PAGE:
The Montane Lakeland 50 & 100 is our bucket list event, especially as we organise it! This year the trail team descended on Coniston, determined to do themselves justice and not knock themselves out on low hanging branches. Richard Bardon reports:
It is always a good feeling to arrive in Coniston on the weekend of the Lakeland 50 and 100. There is a mix of fear, trepidation and excitement. Virtually every conversation involves missed training, the fact that everyone is coming down with a cold and all the injuries are making themselves known. All of which is forgotten about once the gun goes off.
This is a very different feeling from 10 years ago. There were 34 starters of the Lakeland 100. None of the competitors really had a clue what they were doing. I can remember Steve Birkinshaw (the winner of the first L100) asking how do you pace a 100 mile race! Roll on 10 years and there were 360 starters and the village is brought to a standstill as the runners set off. It gives me goosebumps to lead out the route up to the Copper Mines passing all the supporters lining the roads and it amazes me just how quickly the lead runners set off.
I chose to run the Lakeland 50 this year as it had been 4 years since I had last completed the race. We had the full Endurance Store Trail Race Team racing, Richard Smith, Dan Miller and me. Driving up to Dalemain on the Saturday morning the main topic of conversation was about pacing and for Dan and Rich Smith not to go sprinting off (as usual). (Editor: As the person responsible for leading the first 4 miles round the Dalemain Estate, i can confirm that both Dan and Rich Smith set off too quick.. as usual.)
I always find the run around Dalemain quite tough and as I completed the 4 mile loop Ang told me that Dan was at the front and Rich S was in fourth, sounds like our chat about pacing was useful. I am not going to describe the route as there are so many blogs describing it step-by-step and Marc will just add some sarcastic comments (Editor: Me? Sarcastic? Fair point.)
The highlights of this race include the checkpoints as nothing is too much trouble. Mardale Head is one of my favourite stops as I generally struggle up to this point- you forget that you have actually ran 20 miles by this point. The soup (and the Delamere Spartans) is a brilliant pick me up. Gatesgarth Pass, both up and down, I always enjoy and then the view of Windermere on the section after Troutbeck Bridge is worth the entry fee alone. Another highlight is the camaraderie amongst the competitors, I always try and encourage the L100 runners who I am passing and it amazes me that they have the energy to respond!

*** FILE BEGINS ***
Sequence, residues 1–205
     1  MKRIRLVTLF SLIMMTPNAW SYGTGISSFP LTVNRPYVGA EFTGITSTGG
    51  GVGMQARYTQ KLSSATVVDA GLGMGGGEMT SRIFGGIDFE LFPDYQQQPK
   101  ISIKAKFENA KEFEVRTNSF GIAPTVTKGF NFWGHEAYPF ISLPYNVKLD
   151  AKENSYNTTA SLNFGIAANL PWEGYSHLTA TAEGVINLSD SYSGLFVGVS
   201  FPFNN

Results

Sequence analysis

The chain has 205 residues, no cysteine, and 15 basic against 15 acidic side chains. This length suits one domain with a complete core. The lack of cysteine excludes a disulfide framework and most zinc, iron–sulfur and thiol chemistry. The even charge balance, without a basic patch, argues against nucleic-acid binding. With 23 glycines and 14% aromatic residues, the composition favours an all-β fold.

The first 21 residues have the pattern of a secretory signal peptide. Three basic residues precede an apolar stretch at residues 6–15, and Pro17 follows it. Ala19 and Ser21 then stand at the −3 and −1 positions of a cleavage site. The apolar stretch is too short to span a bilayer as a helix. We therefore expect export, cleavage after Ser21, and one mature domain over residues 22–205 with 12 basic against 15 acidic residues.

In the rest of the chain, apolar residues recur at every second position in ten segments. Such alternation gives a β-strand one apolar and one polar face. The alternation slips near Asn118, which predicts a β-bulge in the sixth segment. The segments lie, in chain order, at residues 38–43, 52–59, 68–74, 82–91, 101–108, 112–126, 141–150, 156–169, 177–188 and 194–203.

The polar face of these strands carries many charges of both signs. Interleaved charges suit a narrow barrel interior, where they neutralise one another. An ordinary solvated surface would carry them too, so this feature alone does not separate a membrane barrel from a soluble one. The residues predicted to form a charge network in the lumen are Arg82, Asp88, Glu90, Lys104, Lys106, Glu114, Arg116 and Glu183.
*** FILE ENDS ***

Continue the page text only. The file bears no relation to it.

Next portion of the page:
Dropping back into Coniston is fantastic with the support, no matter what time of the day or night people are finishing.
The presentation on the Sunday is a must, and is a brilliant finale to the weekend (I can’t believe I said this as I am sure the editor is going to add a comment here). (Editor: I don't need to add anything, you have hit the nail on the head, in particular the word brilliant). It was really good to see Tony and Giselle being acknowledged for having been there from the very beginning. They have ran the checkpoint at Braithwaite from the very start. I also have to thank them for making me realise that rice pudding is actually really nice and very easy to digest.
Well done to Dan and Rich Smith who finished 21st and 22nd (I think) in around 9.15. I was pretty chuffed with a pb of 9.48, as always it can only be a good day running in the Lakes. If you get the chance you should try this event, if 50 miles is too far try marshalling. It is a brilliant weekend.
Well done to Michael Jones for retaining his L100 title in an impressive 20.20 and to Casper and Katie for the course records in the L50 and well done to the following (daft) people for completing the L100: Wayne and Craig Gregson, Guy Illingworth, Paul Swindles, Graham Johnston, Dave Cowburn, Maria Cook. Apologies if I’ve missed anyone.
PPS Was I the only person who saw Alistair Brownlee running over Loughrigg Terrace? I can’t have been hallucinating, although I did miss the mountain-biking sheep on Gatesgarth Pass this year.
Until next year, enjoy the trails.
Richard Bardon (Trail Team Elder)